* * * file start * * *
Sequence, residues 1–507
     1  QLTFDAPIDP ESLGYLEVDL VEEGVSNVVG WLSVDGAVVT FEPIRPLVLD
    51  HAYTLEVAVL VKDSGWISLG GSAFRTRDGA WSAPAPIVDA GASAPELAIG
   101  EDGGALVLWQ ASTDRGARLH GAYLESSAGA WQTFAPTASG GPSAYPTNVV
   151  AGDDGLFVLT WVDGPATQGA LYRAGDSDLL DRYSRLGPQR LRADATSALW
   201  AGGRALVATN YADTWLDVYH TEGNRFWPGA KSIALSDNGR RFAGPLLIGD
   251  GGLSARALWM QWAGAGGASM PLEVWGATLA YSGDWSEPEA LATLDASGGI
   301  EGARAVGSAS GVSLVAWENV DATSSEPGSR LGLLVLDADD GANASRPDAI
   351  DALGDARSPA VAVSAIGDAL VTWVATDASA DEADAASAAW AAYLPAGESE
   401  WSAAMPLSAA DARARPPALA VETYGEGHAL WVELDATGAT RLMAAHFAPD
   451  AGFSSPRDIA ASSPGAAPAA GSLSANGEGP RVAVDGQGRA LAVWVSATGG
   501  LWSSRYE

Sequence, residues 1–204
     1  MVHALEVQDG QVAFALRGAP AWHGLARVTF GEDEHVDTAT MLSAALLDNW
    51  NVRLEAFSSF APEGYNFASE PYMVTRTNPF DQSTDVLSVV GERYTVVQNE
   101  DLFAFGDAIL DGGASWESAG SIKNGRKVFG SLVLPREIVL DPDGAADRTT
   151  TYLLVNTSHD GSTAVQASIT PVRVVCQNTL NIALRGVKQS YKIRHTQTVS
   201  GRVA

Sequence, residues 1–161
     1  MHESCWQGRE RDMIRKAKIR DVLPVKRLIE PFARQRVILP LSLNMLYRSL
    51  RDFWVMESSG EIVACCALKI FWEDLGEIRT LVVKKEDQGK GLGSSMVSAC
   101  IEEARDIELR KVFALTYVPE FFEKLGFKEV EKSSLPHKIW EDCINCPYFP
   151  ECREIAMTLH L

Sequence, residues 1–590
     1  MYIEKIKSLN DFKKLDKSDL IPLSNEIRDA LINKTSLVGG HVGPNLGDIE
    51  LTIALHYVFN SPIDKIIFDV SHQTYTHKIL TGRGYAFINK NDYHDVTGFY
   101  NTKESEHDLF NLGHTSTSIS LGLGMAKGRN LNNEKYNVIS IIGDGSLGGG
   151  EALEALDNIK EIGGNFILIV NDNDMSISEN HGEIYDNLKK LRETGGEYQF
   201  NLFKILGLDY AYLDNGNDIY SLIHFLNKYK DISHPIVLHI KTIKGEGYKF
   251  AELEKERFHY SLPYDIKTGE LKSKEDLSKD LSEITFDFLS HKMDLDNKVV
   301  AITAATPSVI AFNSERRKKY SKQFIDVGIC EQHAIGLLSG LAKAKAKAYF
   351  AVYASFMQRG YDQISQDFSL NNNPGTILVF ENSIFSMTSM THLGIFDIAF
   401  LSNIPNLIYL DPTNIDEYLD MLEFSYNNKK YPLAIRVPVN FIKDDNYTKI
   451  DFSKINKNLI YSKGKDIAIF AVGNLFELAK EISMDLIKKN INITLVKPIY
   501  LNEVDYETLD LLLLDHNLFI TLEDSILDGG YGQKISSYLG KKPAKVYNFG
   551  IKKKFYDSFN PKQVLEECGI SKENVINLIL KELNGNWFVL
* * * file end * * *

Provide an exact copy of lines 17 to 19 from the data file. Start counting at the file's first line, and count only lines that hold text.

   151  TYLLVNTSHD GSTAVQASIT PVRVVCQNTL NIALRGVKQS YKIRHTQTVS
   201  GRVA

Sequence, residues 1–161